This experience took place in the wild jungles of Papua New Guinea. The year was 1993 and I was 32 years old. I had been asked to go into one of the most remote valleys in the Milne Bay Provence to do some lecturing at three affiliated churches. I spoke 59 times in 19 days. They worked me like a dog!
Denewa Valley is about 30 km long, with a branch valley to the south leading to the province’s highest mountain, Mt Simpson. That’s where you will find it on Google Maps. The only way in is by foot and it takes two days to get to the top of the valley. That’s a story in itself. I was only the 15th European ever to venture into the valley and the first to enter via the ridge as the river was flooded.
After three grueling weeks I was exhausted and ready to leave the valley. On the last night several villages came together and we had a Moo Moo, where a pig was slaughtered and we all feasted. That night I interviewed eighty-something year old Uncle Willy while many listened in to his now famous story. Between his recollections and the stories supplied by my friend and student, Robin, this is what happened:
Many years before an Anglican priest had entered the valley and shared a watered down version of the gospel of Jesus Christ. Some had converted and a small Anglican Mission was established. However, syncretic religion had crept into the valley as well and was locally called the Cargo Cult. This belief system held that everything in the Bible was within 50 km of Denewa Valley. For a people having little experience of the outside world this was understandable. They also held to an extremely liberal view of sexuality that had caused great pain and suffering to family life and children.
A few years earlier a young man (lets call him George) from the valley traveled to Port Moresby for work and heard the true gospel of salvation in Christ. He then hurried back to the valley and began sharing the good news. A small church was established and demonic influence began to be challenged for the first time. But there was much resistance from both local shamanism and the Cargo Cult. One of the converts was a young and very spiritually sensitive man by the name of Robin.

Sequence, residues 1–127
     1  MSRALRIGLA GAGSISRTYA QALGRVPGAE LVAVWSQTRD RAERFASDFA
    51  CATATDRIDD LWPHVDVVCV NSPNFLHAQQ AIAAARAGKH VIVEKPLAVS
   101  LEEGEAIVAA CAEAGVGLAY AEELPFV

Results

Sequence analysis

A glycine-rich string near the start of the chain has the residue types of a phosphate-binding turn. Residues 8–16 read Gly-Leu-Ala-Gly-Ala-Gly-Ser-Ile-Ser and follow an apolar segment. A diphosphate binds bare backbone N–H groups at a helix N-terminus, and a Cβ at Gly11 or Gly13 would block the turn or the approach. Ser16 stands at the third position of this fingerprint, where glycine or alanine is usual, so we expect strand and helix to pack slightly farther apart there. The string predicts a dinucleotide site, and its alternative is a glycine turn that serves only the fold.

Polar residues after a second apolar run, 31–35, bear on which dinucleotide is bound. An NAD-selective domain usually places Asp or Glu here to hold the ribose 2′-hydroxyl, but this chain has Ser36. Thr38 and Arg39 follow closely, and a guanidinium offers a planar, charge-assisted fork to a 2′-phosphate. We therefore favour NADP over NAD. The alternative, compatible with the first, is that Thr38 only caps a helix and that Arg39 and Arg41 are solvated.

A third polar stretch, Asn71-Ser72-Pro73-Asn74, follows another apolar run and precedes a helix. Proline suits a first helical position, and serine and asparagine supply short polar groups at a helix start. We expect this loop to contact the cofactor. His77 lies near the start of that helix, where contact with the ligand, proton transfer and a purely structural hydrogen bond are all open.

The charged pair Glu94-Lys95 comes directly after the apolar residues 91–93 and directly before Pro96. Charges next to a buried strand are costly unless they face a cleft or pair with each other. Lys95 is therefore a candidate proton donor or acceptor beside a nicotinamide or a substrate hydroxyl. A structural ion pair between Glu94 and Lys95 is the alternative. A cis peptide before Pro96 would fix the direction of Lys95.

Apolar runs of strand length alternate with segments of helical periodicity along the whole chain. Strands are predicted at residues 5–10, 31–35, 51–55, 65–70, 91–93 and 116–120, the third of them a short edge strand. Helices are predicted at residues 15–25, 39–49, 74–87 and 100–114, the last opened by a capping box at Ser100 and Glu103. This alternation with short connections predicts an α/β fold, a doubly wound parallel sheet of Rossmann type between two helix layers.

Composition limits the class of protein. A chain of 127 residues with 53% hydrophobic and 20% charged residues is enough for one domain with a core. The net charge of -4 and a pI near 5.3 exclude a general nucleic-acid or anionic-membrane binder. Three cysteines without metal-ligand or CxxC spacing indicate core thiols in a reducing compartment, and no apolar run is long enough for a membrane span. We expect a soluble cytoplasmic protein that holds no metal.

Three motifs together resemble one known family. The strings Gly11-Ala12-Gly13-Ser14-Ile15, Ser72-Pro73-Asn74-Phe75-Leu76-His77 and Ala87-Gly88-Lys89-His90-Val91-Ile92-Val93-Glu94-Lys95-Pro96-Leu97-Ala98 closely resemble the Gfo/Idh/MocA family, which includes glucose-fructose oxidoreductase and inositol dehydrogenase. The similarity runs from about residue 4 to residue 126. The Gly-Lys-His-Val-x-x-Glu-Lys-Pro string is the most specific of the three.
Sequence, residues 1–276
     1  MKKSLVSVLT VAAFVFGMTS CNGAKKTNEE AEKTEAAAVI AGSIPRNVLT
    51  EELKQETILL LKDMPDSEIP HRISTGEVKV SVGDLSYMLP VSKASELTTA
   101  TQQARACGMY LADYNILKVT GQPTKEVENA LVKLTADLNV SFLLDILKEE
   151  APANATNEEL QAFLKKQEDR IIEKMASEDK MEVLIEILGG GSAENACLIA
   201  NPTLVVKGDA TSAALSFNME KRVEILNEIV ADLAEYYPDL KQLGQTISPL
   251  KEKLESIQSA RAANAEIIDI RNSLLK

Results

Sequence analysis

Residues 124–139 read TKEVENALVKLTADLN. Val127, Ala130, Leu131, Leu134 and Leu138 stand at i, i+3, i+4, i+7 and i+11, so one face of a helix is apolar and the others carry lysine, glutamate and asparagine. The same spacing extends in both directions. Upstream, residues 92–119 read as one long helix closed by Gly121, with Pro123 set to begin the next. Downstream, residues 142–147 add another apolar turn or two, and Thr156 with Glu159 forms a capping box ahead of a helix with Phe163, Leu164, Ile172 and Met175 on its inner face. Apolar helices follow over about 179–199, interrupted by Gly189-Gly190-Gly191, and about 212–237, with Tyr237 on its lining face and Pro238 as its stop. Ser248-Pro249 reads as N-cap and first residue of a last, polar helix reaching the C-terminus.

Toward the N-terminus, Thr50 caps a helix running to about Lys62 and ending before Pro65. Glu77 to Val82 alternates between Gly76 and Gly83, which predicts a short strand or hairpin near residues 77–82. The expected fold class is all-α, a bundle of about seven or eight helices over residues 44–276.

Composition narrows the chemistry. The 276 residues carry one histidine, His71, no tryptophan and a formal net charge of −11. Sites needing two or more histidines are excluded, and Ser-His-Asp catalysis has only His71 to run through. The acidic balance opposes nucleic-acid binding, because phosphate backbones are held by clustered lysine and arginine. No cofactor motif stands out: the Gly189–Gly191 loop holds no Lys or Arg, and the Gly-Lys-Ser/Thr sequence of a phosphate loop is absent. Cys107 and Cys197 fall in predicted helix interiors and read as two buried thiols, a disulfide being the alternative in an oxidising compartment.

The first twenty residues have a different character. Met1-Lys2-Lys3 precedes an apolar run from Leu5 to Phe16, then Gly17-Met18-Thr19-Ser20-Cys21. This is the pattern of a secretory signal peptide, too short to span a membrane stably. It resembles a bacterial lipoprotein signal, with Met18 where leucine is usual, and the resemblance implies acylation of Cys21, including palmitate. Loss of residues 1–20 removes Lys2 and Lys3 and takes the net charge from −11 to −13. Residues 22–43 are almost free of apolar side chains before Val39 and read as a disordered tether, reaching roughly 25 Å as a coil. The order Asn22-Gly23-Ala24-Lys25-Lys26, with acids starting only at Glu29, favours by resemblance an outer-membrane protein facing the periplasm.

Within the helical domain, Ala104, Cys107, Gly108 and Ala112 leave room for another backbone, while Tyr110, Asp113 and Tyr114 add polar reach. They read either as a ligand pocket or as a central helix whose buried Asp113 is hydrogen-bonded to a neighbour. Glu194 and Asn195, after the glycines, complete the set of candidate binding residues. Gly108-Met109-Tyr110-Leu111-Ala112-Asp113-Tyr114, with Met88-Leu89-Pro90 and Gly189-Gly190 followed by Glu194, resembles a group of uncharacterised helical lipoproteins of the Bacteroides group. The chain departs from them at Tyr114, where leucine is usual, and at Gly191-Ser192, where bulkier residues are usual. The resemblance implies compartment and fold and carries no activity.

One day one of the men from the highest village was working in his field up on a high slope when he suddenly took ill and died. His name was Willy. These people know death much better than we westerners. When someone dies, they know they are dead. Willy head been a porter for the Australians during World War Two and told me several hair-raising stories of his times whit the Aussies. Again, they are for another time.
Immediately word echoed out across the valley and a crowd gathered outside the hut where he lay. Grieving and burial is completed in hours up in the tropics, and the grieving is like nothing you have ever witnessed before in your life. I was not present at the grieving of Uncle Willy, but was present in the background on the Trobriand Islands some time later when 3-400 people were grieving the sudden death of the Paramount Chiefs nephew. Its a truly deafening dusty and scary experience. Once again that is material for another story.
About an hour after the death, a crowd had arrived at the hut and the grieving began. In the middle of the riotous, crazy mayhem of the hundred or so villagers grieving for their lost friend and family member, Robin and George arrived at the hut. The noise of the wailing and screaming was deafening. They pushed their way to the hut and managed somehow to get to the body. They began to pray, asking Jesus what they should do. After a few minutes George said to Robin that he just saw a movie of Uncle Willy coming back down a set of stairs into the hut. Was it a message that they were to pray for Willy to come back. Being of simple faith they did just that. About five minutes later, and out of the blue, Willy sat straight up and called fro a glass of water as he was extremely thirsty!
The Jet-engine like roar of the grieving process stopped in its tracks. There was dead silence for a whole minute as everyone took stock of what should not be happening. Into that silence Geoge jumped up and explained to the Hundred or so people present that they had just prayed to Jesus for Willy to come back and he had. He then preached the good news of salvation through Christ. They all joined on the spot. By the end of the day some 300 people from the valley had become believers in Jesus.
Three new village churches were established that day. These were the three I visited while in the valley. A third of my students at the small thatched-roofed Bible school I was running in Alatou were from the valley, sponsored by Two Singaporeian SIL translators who were teaching the Denewa people how to read their own language.
Willy told me that he thought he was asleep. While asleep he found himself in the middle of a large grassy field. On both sides stood an army charging toward him. He knew each side wanted him but was helplessly stuck in the middle waiting to see which side would reach him first. The he woke up and asked for water.
The telling of the story once again around the fire after feasting on roast pig was probably the umpteenth time the people of the valley had heard the story, but they loved each telling just as much as the last. It was the transformative event of their lives.
This is a true story. I lived it. I was there. I met the eyewitnesses and Robin was my student. They estimated Willy had been dead about two hours. Evidence doesn’t get much stronger than that.